Apart from being absolutely inspired and enthralled by arguing in court and participating intellectually as an agent of the law within the legal discipline, the most valuable lesson I took away from the competition is that the politics of access can be eradicated if passion and conviction reigns within individuals who recognise and expand potential. I had no knowledge of the competition, and was rather disinterested in studying Law, before my school teacher – Mrs McArthur from Immaculata – gave me the opportunity as well as the emotional and resource support to excel. Had my teacher not recognised my potential, and had she not believed that I could compete at a national and international level, I would never have participated and I would never have been able to contend for the opportunities that I seized as a result of my participation. The other end of the coin is that we need to mould and value ourselves enough to allow ourselves to be recognised, and this is achieved through determination and audacious ambition.
What impact do you feel you are having as a change-maker in your community?
I am changing the face of change. By focusing on social entrepreneurship and establishing my own organisation as a student without funding, I believe that I am demystifying the perception of change as coming from a wealthy philanthropist outside of the community that it purports to change.
What makes you a role model to your peers?
The incredible personal difficulties that I have endured throughout my life makes me a role model. I have managed, by a miracle, to not have my academic performance affected by the hardships that I have and continue to encounter.
Do you have a message to the current Spirit Foundation scholars?
The money that you do not have now, the relationship that you yearn for now, and the food that you wish you had now will have no material hold over your life in the future if you work tenaciously and achieve your goals and dreams. However, the decision you make to study now, to appreciate your life now, and to love yourself now despite your circumstances will determine everything. If you are ostracised or marginalised by the spaces that you enter, you are either doing something really well or you possess qualities that people yearn for. When we understand this, and we try to understand why people hold the preconceived ideas about us that they do, we can overcome them and even defeat them.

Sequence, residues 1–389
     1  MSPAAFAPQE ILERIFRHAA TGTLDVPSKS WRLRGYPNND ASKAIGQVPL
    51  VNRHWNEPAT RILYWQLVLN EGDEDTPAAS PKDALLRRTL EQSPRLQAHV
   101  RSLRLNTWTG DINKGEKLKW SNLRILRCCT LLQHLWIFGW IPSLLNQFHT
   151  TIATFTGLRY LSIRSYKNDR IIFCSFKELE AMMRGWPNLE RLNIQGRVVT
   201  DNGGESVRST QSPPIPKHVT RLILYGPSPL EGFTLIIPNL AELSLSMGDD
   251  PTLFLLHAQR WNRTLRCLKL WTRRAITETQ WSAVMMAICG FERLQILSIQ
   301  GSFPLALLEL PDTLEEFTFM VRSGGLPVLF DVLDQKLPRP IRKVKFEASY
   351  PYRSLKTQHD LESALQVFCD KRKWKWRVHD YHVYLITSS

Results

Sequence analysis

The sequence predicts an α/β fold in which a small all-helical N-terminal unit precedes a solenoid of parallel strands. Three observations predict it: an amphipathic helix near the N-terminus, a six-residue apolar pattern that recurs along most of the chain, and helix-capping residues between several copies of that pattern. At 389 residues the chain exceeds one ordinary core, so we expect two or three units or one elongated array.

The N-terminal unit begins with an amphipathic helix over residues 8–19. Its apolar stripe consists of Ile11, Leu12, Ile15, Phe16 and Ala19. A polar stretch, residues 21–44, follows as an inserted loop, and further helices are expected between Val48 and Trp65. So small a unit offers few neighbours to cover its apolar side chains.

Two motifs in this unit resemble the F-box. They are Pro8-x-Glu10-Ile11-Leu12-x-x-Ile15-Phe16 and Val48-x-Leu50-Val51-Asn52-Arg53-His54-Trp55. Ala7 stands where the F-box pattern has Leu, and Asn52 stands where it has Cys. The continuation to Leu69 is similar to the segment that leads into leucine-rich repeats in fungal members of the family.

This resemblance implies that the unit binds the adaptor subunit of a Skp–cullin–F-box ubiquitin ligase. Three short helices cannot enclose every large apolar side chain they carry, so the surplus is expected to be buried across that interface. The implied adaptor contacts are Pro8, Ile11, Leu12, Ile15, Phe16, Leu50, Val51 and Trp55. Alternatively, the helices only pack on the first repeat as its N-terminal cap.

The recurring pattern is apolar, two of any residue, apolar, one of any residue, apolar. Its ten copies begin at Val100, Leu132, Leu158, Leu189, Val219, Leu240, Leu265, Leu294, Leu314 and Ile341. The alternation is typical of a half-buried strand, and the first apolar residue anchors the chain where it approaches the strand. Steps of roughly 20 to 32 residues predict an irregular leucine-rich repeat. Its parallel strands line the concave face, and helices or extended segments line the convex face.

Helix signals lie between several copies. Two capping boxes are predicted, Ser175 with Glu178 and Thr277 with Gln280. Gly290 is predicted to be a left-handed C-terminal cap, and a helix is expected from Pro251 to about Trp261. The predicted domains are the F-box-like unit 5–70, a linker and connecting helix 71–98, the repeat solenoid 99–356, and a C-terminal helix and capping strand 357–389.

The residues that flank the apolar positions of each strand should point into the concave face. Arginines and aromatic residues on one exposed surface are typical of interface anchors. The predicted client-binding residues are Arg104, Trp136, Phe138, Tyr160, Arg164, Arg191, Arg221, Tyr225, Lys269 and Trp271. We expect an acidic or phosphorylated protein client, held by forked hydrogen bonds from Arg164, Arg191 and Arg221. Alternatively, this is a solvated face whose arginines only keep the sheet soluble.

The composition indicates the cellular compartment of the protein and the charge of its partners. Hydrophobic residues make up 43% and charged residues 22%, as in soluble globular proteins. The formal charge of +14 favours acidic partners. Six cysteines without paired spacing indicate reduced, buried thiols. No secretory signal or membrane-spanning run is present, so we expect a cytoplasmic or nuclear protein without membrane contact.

Do you have a message for your fellow Spirit Foundation Alumni?
At the heart of any group of alumni is the notion of community and collaboration. We cannot realise our dreams for the foundation, or our contributions towards the foundation, if we do not celebrate and nurture our community.
The Spirit Alumni Mentorship Programme is my way of paying it forward, and my way of cultivating and protecting my community to ensure that every scholar who enters the foundation retains their scholarship and becomes an alumnus who will then contribute in the same way or otherwise to the future of the Spirit Foundation. What we will then have achieved is a cycle of entrepreneurship, leadership and generations of dedication to the future of our country through education.
We are incredibly proud of Danielle and so grateful for her input and initiave within the Spirit Foundation Alumni Society. We know that this amazing woman is going to go far!